CHARLOTTE, NC, February 19, 2015 – Sometimes great stories slip under the radar never to be discovered. This is one the media missed completely, but, in this case, it was not their fault.
In fact, this is one of those stories that gets better as it goes along.
Back in the day, when the Army/Navy football game was at its peak, the Pennsylvania Railroad operated special trains from New York City and Washington, D.C. to and from Philadelphia. From 1936 until 1941 and again between 1945 and 1975, Penn Central carried fans to Municipal Stadium in Pennsylvania for the game.
The obvious break from 1941 until 1945 was due to World War II.
After the railroad declared bankruptcy, the tradition died for for 30 years until philanthropists Bennett and Vivian Levin were overcome with sadness during the Christmas season when they heard media accounts about injured American soldiers.
Having the wherewithall to do something unique, the Levins began making arrangements to transport troops aboard their personal vintage railroad cars from Walter Reed Medical Center and Bethesda Naval Hospital to the Army/Navy game in December of 2005.
Bennett Levin was a native son of Philadelphia, as well as a self-made millionaire. He owned three luxury refurbished railway cars which featured mahogany paneling, cushy seating and gourmet dining facilities.
In addition, the Bennetts owned two locomotives.
During the evolution of the idea, Bennett recruited other owners of vintage rail coaches to lend their cars to the project. Given the select circle of people with the funds and passion for restoring classic railway carriages, it was a closely knit community of friends and acquaintances the Levins were able to call upon.
Bennett began his quest by working with the commanding general at Walter Reed. Coordinating through the Army War College Foundation, of which Bennett was a trustee, the revival of the tradition of the Army/Navy Train came to fruition.
The project was not without conditions however. There were only three rules but each was significant to the success of the idea.
1 – No press would be allowed. The Levins were adamant that the train would not become a traveling circus for media.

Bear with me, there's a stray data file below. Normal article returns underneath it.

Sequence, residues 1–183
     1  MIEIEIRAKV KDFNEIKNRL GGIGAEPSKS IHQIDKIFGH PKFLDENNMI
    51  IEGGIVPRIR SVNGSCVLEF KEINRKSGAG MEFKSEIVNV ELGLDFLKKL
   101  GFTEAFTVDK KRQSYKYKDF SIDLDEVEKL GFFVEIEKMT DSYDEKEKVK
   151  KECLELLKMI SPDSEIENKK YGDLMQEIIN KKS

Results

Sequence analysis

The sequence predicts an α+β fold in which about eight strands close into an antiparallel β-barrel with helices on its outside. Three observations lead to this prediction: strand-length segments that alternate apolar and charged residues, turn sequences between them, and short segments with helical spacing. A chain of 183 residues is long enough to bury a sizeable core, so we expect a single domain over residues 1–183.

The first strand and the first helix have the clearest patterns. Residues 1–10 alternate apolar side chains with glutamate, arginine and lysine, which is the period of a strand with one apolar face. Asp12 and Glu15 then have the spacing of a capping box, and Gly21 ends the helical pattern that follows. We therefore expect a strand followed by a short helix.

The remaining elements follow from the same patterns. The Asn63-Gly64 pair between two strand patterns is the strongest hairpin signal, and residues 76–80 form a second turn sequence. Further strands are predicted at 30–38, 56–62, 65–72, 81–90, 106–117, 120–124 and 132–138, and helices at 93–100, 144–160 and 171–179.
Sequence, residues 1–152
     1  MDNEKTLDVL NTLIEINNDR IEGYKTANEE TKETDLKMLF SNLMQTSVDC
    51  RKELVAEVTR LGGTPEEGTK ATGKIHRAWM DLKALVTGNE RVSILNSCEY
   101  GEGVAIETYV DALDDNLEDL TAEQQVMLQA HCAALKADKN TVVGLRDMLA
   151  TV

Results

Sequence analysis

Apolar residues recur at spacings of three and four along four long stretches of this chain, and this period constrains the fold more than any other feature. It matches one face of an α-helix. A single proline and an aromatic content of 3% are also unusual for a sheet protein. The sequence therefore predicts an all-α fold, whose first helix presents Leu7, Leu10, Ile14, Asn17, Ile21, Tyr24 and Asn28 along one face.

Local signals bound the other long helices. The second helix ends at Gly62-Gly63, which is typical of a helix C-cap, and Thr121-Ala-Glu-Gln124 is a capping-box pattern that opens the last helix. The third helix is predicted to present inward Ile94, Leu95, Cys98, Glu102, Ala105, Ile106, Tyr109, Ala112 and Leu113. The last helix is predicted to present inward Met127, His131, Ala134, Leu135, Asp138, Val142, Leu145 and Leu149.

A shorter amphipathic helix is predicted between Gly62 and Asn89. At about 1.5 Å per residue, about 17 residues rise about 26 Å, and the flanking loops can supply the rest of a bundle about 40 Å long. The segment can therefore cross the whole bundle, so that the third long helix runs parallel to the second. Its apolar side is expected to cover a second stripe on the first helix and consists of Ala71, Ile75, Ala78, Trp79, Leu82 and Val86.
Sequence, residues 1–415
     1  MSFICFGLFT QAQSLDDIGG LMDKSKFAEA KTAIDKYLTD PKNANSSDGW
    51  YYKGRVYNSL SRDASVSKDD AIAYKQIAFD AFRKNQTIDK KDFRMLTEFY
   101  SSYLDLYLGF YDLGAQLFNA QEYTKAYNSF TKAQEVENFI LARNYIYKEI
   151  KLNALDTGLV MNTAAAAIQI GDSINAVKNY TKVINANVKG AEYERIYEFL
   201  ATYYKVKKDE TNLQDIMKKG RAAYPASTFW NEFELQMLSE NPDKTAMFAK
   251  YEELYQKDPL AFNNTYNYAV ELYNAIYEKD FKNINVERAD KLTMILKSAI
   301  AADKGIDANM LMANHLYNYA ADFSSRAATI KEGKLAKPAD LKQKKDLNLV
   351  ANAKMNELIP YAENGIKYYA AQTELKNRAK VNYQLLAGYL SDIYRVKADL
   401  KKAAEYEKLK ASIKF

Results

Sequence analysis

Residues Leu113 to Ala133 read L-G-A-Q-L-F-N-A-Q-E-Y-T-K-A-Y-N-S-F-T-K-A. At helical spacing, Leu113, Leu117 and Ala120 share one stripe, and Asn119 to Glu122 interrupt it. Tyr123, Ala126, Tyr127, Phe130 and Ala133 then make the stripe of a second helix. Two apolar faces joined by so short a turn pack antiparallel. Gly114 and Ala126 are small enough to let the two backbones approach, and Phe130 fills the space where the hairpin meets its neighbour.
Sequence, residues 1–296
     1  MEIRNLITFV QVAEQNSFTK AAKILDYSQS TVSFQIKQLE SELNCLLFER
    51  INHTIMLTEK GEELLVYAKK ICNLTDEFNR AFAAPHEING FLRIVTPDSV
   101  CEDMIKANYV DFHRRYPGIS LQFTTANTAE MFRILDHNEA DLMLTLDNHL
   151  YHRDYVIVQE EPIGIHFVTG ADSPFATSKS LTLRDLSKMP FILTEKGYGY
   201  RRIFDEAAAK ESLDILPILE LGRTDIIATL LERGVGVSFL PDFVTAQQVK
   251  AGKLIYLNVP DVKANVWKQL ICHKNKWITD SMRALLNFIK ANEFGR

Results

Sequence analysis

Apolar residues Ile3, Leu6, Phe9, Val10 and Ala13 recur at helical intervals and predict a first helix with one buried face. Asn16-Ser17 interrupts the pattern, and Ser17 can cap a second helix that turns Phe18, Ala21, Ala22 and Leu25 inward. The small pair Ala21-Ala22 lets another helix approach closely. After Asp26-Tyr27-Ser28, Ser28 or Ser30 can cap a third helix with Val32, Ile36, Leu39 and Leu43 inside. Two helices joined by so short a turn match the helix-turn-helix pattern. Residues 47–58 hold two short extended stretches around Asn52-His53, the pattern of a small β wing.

2 – Politicians were also banned. As Bennett clearly stated, “I didn’t want some idiot making this trip into a campaign photo op.”
3 – Finally, no Pentagon officials were invited either. Bennett and Vivian wanted their passengers to feel completely at ease with no pressure to observe military protocols to superiors.
Now the biggest problem for the Levins was to make it happen.
After 15 months of planning and coordinating, the Army/Navy Game Train was ready to ride the rails again. Only this time it featured steam locomotives and 18 historic railway cars, and it was called “The Liberty Limited.”
Among Bennett’s personal collection was the coach that carried President John F. Kennedy to the game in 1961 and 1962. That same car was used to transport Bobby Kennedy’s body to Washington for burial.
Aboard the train, troops were treated to gourmet meals en route, private transportation between the train and stadium and, of course, the best seats in the house on the 50-yard line, as well as a fabulous lunch in a hospitality suite.
Amtrak contributed to the occasion by volunteering to transport all of the rail cars to Washington where they were joined together for the historic railway parade to Philadelphia.
Corporate donors provided gifts without publicity and volunteers filled goodie bags with stadium blankets, digital cameras, field glasses and down jackets.
But the story gets even better.
Each disabled vet was allowed to bring a guest; a friend or a family member. However, the wounded Marines who participated declined the offer, choosing to request that another Marine be included as their guest instead.
When the day arrived for the grand journey from Union Station in Washington to Philadelphia, Bennett Levin was concerned about how he would react when he met his 88 “celebrity” soldiers and their guests.
He should have known what the response would be. “They made it easy to be with them,” Bennett said. “They were all smiles on the ride to Philly. Not an ounce of self-pity from any of them. They were so full of life and determination.”
For Bennett and Vivian Levin, the crowning moment came at the end of the day’s events when the 11 Marines who participated gave them hugs on the Union Station platform followed by singing the Marine Corps Hymn.
And so on a cold, dreary, bleak December day in 2005, a Jewish man and his wife celebrated the true meaning of Christmas with a tribute to America that went largely unnoticed because of their own stipulations.
They wouldn’t have had it any other way.
Bob Taylor has been traveling the world for more than 30 years as a writer and award winning television producer focusing on international events, people and cultures around the globe.
Taylor is founder of The Magellan Travel Club (www.MagellanTravelClub.com)
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